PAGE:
We have now moved beyond the ‘Trojan Horse’ analogy. Proponents of neo-liberalism and free-market dogmas appear to have lost any compunction and no longer feel the need to disguise their deregulatory intentions with social fig-leaves so as successfully to penetrate and demolish the last few citadels of social progress. The current ‘Greek Tragedy’ is perhaps the best example of this more recent trend, whereby Social Europe has once again worn its invisible cloak, and the neo-monetarist 'mediaeval medicine' prescribed by the EC-ECB-IMF, with the explicit or tacit support of a number of key European Member States, is administered in massive doses to struggling Member States on the verge of sovereign defaults. Joseph Stiglitz recently said that ‘A principled Europe would not leave Greece to bleed’. But Greece is bleeding, and so are a growing number of European citizens whose working conditions, employment prospects, and living standards are deteriorating on a daily basis. One could not blame the Greeks (or the Irish, the Portuguese, and the Spaniards for that matter) for seeing Europe as merely ferrying them into uncharted territories of despair and pain, while the monetarist dogma of fiscal austerity is being institutionalised and entrenched in the European constitutional framework with provisions such as the ‘Euro Plus Pact' and the new 'Treaty on Stability, Coordination and Governance in the EMU' . Obviously, as noted by Krugman, not only are these policies choking growth and economic recovery but they become the backdrop of deregulation of what is left of the European social model, which is now perceived as the only flexible and soft ‘variable’ in an EU where all the other macroeconomic variables are placed into the neo-monetarist straightjacket of fiscal austerity ‘targets’. This gives rise to a perverse catch-22 challenging the fundamentals of Social Europe and of European social and political cohesion at large.
So is there a future for Social Europe, and indeed for European integration as such?
In spite of this rather grim account of its recent history we like to think that there is indeed a future as long as Europeans are willing to rediscover ‘Social Europe’ as Europe’s modern-day Prometheus. But to do so, it is first important to debunk two negative myths about modern-day Europe. The first one is that Europe is short of credible alternative ideas. That is simply not true. They exist and they are at everybody’s fingertips… just use your preferred search engine in your favourite internet browser, and you will find a wealth of alternative visions of European politics and economic affairs meticulously illustrated by Nobel prizes, illustrious academics, respectable think-tanks, workers organisations, and (even!) political parties.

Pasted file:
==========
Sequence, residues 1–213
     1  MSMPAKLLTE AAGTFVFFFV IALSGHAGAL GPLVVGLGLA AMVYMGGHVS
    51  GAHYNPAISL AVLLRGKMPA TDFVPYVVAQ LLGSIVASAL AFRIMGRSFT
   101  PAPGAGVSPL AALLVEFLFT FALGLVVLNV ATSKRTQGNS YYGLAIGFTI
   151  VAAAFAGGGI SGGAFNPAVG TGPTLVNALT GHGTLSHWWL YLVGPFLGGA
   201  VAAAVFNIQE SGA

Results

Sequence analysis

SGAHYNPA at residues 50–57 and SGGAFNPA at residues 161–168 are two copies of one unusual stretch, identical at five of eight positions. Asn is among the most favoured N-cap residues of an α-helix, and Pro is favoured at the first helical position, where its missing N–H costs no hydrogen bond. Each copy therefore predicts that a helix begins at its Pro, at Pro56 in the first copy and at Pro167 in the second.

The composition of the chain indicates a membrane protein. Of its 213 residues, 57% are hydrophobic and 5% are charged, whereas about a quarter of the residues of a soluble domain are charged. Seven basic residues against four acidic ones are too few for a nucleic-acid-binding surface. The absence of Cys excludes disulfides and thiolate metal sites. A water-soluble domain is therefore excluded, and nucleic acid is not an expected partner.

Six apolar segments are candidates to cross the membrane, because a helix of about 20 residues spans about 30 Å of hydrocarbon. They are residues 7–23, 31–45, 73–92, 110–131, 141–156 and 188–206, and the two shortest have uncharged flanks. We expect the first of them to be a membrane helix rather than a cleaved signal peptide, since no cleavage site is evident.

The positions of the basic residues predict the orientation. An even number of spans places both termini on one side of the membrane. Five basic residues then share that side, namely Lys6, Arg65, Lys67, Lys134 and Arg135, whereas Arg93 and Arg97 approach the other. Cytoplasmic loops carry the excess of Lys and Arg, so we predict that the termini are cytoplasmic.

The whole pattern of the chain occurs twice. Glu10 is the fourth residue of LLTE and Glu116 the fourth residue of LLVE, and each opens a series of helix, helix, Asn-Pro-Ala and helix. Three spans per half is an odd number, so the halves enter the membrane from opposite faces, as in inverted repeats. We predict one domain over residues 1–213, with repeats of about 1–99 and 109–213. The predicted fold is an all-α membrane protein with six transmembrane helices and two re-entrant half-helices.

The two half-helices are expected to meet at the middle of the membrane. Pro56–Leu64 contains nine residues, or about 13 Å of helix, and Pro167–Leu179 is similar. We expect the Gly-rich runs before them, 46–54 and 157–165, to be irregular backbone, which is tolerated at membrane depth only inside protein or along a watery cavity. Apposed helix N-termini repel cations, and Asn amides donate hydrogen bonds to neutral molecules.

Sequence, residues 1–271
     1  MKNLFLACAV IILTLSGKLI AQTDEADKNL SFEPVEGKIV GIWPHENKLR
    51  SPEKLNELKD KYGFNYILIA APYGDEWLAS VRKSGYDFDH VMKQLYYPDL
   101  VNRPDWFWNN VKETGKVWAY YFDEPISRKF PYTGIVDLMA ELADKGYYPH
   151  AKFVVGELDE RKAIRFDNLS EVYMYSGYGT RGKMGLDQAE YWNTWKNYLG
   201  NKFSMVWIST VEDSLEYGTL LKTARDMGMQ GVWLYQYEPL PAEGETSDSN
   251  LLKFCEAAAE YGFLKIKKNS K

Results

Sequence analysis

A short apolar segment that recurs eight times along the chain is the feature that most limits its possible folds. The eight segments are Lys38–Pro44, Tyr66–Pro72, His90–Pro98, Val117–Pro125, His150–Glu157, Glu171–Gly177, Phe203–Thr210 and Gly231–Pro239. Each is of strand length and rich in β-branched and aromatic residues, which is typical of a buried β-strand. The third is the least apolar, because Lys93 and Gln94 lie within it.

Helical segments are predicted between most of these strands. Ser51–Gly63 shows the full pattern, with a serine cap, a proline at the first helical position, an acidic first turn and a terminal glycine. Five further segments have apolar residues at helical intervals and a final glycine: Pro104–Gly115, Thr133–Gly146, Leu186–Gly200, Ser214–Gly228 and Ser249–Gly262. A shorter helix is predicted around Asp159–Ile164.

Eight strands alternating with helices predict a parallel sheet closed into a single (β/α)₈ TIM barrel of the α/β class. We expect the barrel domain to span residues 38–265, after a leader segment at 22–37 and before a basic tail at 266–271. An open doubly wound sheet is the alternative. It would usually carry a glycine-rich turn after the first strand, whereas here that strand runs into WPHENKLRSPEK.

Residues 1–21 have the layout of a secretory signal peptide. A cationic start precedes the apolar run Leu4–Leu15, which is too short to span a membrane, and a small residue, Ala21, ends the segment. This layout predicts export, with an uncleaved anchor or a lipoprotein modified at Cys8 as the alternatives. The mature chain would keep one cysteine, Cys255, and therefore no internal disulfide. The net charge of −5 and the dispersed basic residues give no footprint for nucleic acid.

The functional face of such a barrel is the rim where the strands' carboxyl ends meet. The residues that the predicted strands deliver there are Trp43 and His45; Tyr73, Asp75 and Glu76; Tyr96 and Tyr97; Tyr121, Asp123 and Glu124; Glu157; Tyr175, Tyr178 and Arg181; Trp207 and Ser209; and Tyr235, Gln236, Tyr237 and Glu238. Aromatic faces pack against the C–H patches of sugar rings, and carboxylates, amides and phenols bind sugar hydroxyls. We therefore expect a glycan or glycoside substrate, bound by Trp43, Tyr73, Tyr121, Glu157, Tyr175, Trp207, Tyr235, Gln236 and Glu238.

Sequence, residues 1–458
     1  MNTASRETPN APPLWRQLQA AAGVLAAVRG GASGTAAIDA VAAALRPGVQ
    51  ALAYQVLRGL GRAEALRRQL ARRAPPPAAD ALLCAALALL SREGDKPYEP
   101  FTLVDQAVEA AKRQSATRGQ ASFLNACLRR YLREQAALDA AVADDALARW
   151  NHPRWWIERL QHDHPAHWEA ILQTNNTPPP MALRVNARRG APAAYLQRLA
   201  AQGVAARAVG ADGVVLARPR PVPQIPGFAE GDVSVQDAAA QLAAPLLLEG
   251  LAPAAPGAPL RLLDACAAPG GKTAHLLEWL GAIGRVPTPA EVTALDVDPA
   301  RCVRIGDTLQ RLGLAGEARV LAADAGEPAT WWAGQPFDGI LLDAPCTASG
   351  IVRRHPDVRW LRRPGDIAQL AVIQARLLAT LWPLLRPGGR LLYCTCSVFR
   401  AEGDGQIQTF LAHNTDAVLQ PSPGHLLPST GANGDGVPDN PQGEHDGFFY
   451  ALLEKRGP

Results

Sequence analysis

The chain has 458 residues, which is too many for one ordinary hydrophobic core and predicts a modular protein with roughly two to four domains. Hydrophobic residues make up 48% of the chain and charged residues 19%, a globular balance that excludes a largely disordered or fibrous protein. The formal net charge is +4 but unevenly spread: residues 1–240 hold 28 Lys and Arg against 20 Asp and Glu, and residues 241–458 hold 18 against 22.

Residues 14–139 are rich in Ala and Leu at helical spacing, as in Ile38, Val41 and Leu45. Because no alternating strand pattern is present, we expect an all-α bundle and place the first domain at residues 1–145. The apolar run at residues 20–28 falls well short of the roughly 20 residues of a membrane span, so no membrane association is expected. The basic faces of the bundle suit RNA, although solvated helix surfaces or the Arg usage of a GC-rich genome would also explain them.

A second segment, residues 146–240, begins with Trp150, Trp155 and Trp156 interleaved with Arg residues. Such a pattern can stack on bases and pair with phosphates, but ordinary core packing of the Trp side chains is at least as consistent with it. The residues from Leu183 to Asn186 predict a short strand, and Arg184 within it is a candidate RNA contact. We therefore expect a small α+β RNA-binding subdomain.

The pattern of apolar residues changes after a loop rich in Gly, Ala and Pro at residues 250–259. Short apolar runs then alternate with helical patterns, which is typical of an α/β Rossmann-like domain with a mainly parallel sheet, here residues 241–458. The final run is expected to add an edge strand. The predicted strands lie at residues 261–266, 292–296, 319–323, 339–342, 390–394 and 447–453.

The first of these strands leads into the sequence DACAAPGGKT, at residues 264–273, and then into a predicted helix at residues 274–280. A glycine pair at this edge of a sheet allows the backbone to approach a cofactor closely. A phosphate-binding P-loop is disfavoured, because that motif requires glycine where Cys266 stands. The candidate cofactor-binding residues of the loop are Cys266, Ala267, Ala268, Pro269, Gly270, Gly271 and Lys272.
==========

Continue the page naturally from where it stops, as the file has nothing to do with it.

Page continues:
Paraphrasing Gramsci, we are convinced that it is now essential ‘to dissipate the dark cloudbanks of heavy pessimism … which represent a great danger … because of the political passivity, the intellectual torpor and the scepticism towards the future which they produce’. The second myth is that the EU is a non-democratic organisation, constitutionally incapable of responding to the changing demands of the European people. False. Surely enough the EU’s system of governance is far from being perfect, and undoubtedly – as noted above - the last 20 years of European integration have seen several attempts on the part of (note, democratically elected) EU Member States to rig the rules of the game, and constitutionalise a neo-liberal vision of Europe where ‘there is no such thing as society’. But none of those changes are irreversible, as long as the European people decide that the time has come for their governments and the EU to change direction. Europe’s 'problems are political, not economic' or institutional.
In fact a Promethean vision of Social Europe based on the meaningful protection of fundamental values such as dignity, freedom, equality, solidarity, and social justice can go a long way towards redirecting European politics and economics, and the process of European integration, towards a brighter future. As our colleague and fellow labour lawyer Alain Supiot would say ‘fundamental rights cannot be subject to economic considerations, since on the contrary it is the economy that must be placed at the service of fundamental rights’.
The authors are also the two main organisers of the
‘Resocialising Europe and the Mutualisation of Risks to Workers’
conference, funded under the UCL European Institute's 2012 Call for
Proposals. For further details see http://www.resocialisingeurope.org/